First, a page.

Winter officially began last Sunday, with the arrival of the winter solstice. Recall that solstice means "standing-still sun;" and on December 21 at 5:23 p.m. EST the sun stood still over the southern Pacific Ocean (Tropic of Capricorn). At that time the sun's rays were directly overhead, giving the impression the sun was truly standing still. No one is quite certain how long ago humans began heralding the solstice as a turning point, but a turning point it is; the sun will set a minute or two later each day from here until the summer solstice (June 21). As always, I paid tribute to this year's turning point by facing the sky and screaming at the top of my lungs, which once again caused my neighbors some duress. I began this ritual decades ago, doing as the ancients did in a time long, long ago, and a place far, far away.

Next year’s summer solstice will come on June 21 at 11:54 a.m. EDT. On that day the Earth’s North Pole will be at its maximum tilt to the sun along the Tropic of Cancer (23.5 degrees north latitude), hereto making the sun appear to be standing still. This too is a turning point, for it is typically the longest day of the year. From there the days get shorter until the winter solstice, which is typically the shortest day of the year; or as the French like to say, “The longest night of the year!”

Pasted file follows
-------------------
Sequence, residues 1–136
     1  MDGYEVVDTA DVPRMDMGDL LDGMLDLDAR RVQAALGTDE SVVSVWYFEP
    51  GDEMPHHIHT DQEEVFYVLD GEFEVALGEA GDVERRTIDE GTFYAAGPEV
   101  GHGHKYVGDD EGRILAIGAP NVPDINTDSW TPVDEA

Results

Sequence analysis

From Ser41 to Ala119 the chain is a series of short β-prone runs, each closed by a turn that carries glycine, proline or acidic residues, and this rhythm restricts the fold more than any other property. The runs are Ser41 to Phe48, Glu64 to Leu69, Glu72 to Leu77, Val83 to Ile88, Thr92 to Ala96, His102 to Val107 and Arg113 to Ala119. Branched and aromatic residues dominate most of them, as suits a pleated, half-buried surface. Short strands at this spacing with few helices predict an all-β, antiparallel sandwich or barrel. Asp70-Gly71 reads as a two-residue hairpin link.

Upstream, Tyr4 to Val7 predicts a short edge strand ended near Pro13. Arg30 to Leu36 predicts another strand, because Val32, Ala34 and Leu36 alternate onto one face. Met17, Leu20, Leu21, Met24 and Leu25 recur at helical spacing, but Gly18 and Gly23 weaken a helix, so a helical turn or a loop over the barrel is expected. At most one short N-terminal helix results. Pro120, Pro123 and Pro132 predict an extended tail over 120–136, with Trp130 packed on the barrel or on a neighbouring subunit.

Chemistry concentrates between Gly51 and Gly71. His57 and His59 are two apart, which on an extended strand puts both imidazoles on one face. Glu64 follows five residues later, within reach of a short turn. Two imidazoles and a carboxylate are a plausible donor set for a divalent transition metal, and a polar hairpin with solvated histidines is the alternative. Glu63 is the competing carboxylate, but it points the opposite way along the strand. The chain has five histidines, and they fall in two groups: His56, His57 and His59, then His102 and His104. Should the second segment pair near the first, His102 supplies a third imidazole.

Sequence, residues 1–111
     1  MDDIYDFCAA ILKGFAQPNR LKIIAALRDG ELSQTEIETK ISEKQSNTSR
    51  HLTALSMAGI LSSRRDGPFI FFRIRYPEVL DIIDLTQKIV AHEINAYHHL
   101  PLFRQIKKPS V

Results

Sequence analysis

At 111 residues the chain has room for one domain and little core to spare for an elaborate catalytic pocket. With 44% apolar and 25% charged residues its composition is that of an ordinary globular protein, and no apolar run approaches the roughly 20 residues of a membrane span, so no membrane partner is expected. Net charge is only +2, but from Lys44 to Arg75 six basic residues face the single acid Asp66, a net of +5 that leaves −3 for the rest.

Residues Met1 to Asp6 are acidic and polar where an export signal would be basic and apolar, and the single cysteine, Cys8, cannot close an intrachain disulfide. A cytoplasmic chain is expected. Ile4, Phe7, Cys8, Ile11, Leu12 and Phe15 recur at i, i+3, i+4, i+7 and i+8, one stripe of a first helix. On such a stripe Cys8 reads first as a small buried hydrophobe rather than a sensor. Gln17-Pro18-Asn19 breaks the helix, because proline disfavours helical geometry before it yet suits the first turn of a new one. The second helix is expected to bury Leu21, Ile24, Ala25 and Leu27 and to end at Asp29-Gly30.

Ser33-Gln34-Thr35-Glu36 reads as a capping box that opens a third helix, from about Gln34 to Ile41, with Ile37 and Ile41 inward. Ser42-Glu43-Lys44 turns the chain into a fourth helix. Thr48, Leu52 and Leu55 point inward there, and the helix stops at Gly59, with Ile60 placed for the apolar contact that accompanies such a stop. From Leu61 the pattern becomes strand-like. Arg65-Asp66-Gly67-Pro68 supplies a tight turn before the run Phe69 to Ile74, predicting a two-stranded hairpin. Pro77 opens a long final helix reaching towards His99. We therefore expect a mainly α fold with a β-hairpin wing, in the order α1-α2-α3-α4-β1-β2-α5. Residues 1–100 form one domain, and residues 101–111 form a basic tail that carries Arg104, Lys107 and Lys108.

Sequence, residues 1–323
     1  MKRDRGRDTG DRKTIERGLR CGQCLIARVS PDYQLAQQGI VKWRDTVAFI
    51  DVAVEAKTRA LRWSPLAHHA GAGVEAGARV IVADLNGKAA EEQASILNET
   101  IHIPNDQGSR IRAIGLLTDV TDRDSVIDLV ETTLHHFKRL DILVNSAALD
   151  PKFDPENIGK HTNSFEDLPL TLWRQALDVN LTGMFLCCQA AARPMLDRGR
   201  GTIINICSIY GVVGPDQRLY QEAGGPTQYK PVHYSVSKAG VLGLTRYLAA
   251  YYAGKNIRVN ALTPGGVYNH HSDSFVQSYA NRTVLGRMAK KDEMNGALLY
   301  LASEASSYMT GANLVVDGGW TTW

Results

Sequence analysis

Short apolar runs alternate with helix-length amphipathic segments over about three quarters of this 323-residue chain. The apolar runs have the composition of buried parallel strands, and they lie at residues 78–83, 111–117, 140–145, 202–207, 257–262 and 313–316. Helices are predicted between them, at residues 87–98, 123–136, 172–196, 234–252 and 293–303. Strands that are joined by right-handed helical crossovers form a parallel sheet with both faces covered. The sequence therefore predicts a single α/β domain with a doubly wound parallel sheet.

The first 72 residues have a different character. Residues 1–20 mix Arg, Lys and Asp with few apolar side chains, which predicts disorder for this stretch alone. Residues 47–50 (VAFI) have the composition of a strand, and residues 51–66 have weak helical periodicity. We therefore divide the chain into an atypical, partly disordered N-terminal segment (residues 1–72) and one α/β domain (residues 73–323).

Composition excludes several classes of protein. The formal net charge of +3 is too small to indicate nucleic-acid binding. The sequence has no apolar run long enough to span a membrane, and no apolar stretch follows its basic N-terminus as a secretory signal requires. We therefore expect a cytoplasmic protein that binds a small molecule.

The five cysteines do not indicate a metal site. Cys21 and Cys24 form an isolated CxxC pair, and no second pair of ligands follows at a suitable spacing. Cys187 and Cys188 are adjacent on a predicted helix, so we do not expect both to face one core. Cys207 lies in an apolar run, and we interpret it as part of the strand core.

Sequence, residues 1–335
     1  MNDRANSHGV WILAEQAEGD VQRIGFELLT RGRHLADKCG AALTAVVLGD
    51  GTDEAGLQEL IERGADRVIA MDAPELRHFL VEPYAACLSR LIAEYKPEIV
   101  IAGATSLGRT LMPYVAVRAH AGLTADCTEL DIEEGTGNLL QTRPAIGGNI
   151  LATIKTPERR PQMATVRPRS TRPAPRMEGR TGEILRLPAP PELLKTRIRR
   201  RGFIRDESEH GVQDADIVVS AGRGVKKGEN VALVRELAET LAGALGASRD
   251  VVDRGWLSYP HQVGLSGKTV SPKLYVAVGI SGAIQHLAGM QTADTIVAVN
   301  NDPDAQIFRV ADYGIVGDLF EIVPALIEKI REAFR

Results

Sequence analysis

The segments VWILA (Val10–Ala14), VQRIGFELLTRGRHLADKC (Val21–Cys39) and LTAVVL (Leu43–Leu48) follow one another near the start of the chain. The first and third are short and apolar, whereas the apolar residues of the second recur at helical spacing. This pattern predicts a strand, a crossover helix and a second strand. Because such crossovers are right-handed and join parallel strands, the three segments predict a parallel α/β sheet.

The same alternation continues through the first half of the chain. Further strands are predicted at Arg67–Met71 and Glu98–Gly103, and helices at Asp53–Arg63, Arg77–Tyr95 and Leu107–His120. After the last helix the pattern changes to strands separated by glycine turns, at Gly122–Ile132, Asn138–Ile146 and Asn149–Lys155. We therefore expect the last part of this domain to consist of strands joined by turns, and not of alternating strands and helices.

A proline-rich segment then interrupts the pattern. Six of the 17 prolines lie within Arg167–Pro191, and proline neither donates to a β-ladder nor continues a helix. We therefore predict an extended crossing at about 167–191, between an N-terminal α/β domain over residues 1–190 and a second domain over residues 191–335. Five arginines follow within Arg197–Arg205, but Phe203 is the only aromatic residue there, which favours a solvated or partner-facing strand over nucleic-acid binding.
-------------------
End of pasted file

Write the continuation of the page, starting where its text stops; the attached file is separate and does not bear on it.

Friday’s scream was one of many uttered over the past three months as the typically strongest final three months of the year have turned into the weakest three months of the year with the S&P 500 (SPX/2416.62) losing some 18%, from intraday high to intraday low, since our short-term proprietary model flashed a trading sell signal on October 2, 2018. We guess we should have known 2018 was going to be a difficult year when Lucien Hooper’s “December Low Indicator” was triggered. As the Hirsch Organization quotes me in their publication The Stock Traders’ Almanac:

When the Dow closes below its December closing low in the first quarter, it is frequently an excellent warning sign. Jeffrey Saut, managing director of investment strategy at Raymond James, brought this to our attention a few years ago. The December Low Indicator was originated by Lucien Hooper, a Forbes columnist and Wall Street analyst back in the 1970s. Hooper dismissed the importance of January's first week and the entire month [indicator]. “Instead,” said Hooper, “Pay much more attention to the December low. If that low is violated during the first quarter of the New Year, watch out!”

Watch out indeed, for 2017’s December low was violated in February 2018 and the rest, as they say, is history. Accordingly, it will be interesting to see what the December Low Indicator says in 2019.